- Incompetency of team members – which is why I’ve always said that it’s kick ass programmers who build projects; not Gantt charts.
- A prick in the project team – if you investigate further, most investigations will reveal that this prick is often whom we glamorously proclaim and refer to as the Leader or The Project Manager.
This brings us to the soul of this post.
It's actually been a rather wordy post; and we're barely starting to touch the point I'm trying to make. If you've read so far, I saute you. If you haven't; all I’ve done with all these words is propose two simple ideas:
- If you’re a manager you need a “not to-do list” which you list out things which you should not do as a manager.
- Not Being a Prick is something that should top the list.
Not being a prick is so important; Michael Lopp uses the idea as an awesome starting point for his book Managing Humans. The book begins by describing how a single prick can destroy not just a project but an entire organization:
Flash back to the middle of the dot-com implosion. We, the merry crew of the failing startup, are drinking... a lot. There are various bars around corporate headquarters, and each has a distinct purpose. There’s the dive bar that’s great for post-layoff parties. The booze is cheap, and if you’re looking to blow off some I’m-really-not-worthless steam, you can pick a fight with the toothless sailor slung over the bar or the guy who just laid you off.
Down the street is the English pub. The beer is better, they have a selection of whiskey, and they have edible food. This is where we get philosophical about the current organizational seizure we’re experiencing in our three-year slide toward irrelevancy.
We’re there now. We’re drinking heavily because the company has just been sold to a no-name public company who will quickly dismantle the one for which we’ve bled. Everyone knew we’d be here at some point, but no one expected to be the last one standing. And no one expected the CEO to show up.
This isn’t the CEO that built the company. He’s been gone for over a year. This is the guy the board of directors brought in to sell the startup. Sure, he tried to turn us around, but remember, we’re in the middle of a financial nuclear winter here. Money is no longer free.
Those who got a glimpse of the CEO’s resume before he arrived knew the gig was up. His last four jobs ended in the company being finely sliced into nothingness. It’s called “maximizing shareholder value.”
And here we are. Hammered on tequila, the last four from engineering, two guys from tech support... and the CEO. Even though we’re dizzy with booze, we’re fundamentally uncomfortable with the presence of our CEO because we consider him to be an unfeeling prick.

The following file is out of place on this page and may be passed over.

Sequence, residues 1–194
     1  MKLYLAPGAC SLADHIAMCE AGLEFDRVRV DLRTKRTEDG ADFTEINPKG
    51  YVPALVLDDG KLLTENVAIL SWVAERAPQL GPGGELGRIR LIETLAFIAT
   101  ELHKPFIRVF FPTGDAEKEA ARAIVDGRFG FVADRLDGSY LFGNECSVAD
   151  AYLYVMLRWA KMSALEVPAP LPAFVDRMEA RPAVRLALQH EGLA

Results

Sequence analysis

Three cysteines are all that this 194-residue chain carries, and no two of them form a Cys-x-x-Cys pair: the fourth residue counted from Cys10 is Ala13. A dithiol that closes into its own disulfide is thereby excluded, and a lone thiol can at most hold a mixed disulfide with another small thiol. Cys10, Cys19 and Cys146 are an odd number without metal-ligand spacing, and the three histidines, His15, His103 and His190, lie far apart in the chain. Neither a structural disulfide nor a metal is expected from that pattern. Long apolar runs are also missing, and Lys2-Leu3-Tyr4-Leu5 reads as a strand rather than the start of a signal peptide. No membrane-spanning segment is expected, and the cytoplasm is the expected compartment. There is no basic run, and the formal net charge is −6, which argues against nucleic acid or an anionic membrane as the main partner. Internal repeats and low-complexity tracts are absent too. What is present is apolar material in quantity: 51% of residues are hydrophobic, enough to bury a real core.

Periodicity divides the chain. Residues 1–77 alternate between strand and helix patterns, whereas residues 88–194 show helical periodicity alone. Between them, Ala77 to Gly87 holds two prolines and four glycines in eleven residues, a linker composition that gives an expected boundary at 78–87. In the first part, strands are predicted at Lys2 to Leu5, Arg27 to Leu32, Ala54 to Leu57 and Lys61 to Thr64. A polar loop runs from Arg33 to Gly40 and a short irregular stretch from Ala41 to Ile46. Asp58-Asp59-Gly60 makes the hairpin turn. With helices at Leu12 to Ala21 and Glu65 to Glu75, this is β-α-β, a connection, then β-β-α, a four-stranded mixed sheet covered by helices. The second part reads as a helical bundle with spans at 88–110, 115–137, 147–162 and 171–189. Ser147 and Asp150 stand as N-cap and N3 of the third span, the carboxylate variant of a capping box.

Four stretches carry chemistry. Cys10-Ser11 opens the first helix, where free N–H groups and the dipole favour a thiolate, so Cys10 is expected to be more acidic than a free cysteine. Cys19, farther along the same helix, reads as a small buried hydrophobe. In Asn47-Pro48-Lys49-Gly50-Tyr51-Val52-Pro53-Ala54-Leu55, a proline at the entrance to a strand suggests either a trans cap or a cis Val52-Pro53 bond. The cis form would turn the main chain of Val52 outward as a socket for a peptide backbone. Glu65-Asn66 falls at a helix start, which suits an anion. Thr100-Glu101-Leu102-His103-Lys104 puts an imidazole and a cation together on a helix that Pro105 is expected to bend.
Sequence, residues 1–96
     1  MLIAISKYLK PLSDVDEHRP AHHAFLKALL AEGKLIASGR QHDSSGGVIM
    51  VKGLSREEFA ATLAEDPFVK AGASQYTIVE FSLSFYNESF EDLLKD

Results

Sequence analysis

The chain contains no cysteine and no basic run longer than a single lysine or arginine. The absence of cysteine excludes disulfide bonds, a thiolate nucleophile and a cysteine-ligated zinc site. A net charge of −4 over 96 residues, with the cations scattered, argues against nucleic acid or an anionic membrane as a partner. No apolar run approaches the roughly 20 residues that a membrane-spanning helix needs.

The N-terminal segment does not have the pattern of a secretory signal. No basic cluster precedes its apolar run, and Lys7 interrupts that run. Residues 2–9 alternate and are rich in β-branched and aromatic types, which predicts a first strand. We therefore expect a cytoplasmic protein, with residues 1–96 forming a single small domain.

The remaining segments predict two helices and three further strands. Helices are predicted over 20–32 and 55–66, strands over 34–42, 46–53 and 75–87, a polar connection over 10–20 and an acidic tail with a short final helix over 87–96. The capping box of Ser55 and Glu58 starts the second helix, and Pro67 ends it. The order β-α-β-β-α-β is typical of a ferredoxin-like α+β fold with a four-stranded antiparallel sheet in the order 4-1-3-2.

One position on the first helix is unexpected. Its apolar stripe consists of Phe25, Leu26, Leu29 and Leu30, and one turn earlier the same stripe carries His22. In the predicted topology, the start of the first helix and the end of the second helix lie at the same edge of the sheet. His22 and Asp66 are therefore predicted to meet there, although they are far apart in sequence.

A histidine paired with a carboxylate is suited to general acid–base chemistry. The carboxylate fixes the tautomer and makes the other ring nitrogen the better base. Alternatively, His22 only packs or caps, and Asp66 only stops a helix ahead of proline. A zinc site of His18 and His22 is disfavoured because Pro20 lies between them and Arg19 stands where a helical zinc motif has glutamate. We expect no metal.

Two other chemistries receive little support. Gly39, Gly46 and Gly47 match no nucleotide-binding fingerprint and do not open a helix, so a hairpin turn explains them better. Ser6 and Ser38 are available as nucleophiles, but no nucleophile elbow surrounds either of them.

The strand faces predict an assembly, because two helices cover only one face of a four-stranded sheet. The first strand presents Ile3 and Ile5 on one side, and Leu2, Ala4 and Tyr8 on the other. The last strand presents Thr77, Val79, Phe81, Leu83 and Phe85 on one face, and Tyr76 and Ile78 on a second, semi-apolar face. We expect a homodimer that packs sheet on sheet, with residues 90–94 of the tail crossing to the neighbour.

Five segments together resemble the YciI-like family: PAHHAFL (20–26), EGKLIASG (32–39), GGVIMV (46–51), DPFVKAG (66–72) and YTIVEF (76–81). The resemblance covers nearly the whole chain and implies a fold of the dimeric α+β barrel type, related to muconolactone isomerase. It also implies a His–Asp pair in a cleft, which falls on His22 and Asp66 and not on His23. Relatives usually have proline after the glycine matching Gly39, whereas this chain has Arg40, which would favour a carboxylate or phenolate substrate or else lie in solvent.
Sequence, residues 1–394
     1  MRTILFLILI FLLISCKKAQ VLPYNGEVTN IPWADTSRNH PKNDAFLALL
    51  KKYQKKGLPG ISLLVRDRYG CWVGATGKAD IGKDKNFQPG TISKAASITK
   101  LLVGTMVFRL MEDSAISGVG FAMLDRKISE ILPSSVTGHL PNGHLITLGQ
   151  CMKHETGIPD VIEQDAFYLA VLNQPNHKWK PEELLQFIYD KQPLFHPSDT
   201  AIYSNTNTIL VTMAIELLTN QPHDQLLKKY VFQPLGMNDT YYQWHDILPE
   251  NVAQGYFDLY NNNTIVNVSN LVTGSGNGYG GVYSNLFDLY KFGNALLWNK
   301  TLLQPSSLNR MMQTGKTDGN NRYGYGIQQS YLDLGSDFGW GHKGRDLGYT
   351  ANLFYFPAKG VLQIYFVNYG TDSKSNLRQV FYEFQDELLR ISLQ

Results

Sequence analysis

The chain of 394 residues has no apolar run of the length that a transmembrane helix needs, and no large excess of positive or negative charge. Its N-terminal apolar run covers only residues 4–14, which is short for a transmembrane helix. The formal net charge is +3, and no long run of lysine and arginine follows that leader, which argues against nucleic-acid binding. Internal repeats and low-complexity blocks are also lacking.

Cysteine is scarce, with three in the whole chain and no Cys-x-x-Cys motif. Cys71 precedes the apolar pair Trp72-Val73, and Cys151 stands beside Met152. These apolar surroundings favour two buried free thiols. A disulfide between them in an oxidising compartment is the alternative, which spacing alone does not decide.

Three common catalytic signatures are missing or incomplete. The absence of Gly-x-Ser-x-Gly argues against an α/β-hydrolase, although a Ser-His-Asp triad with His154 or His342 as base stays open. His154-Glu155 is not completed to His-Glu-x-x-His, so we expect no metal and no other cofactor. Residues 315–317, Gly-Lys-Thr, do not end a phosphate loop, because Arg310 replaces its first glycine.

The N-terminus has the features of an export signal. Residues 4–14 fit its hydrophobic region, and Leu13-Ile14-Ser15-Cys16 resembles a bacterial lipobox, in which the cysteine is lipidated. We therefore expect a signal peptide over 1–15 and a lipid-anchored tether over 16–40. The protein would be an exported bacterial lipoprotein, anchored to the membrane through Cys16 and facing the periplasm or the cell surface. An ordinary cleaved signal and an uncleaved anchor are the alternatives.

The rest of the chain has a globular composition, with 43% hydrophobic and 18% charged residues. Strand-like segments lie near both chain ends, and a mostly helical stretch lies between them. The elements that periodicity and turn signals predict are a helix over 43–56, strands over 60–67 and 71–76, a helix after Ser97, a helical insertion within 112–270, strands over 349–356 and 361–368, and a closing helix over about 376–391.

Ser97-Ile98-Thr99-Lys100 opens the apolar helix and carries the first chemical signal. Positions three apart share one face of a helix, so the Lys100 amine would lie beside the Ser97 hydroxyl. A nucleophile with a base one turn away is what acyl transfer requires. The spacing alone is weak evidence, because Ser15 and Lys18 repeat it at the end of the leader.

And that’s it.
That’s the title of my management book.
Don’t Be a Prick.
Steve Yegge in his post on (Not) Managing Software Developers describes the one simple quality that differentiates a great manager from one that sucks:
However, I'll offer you one almost magical tip that can help you smooth over nearly any mistake, a tip that can get you through just about any bad situation. I'll tell you the tip right now, with no fanfare or ado. This hint is the most important one I'll offer you today. It's the secret ingredient to Great Manager Sauce. Unfortunately, it's not easy to learn. You either already understand it, down in your bones, or you have years of head-scratching ahead of you. The tip is just one word: Empathy.
If you have true empathy for your engineers, they can forgive almost anything. Which is good, because you will make mistakes. We all do.
Recently an individual who is also a colleague and a close friend approached me informing me that he wanted to be a Manager because he was sick of coding and he thought it was time to grow professionally and stop being what he referred to as just-another-developer. He was thinking of moving over to project management and was thinking of becoming what he referred to as a project manager. My instant spontaneous reaction, in jest of course, had been that he'll never become a project manager. Even though it was a joke, It sounded like a really mean thing to say after I had said it; I wasn't politely articulate in explaining what I meant. Steve's post on the other hand, does a pretty good job at describing exactly what I meant:
If you want to manage badly enough, then you will manage, badly enough. Hence, before you jump in, stop and think about why you want it. Are you tired of engineering, or were you perhaps never very good at it? If so, technical management isn't much of an escape, because your engineers will know, and they won't respect you. Do you want to manage because you want authority? If so, it's a trap: you'll still be on a leash held by the folks above you.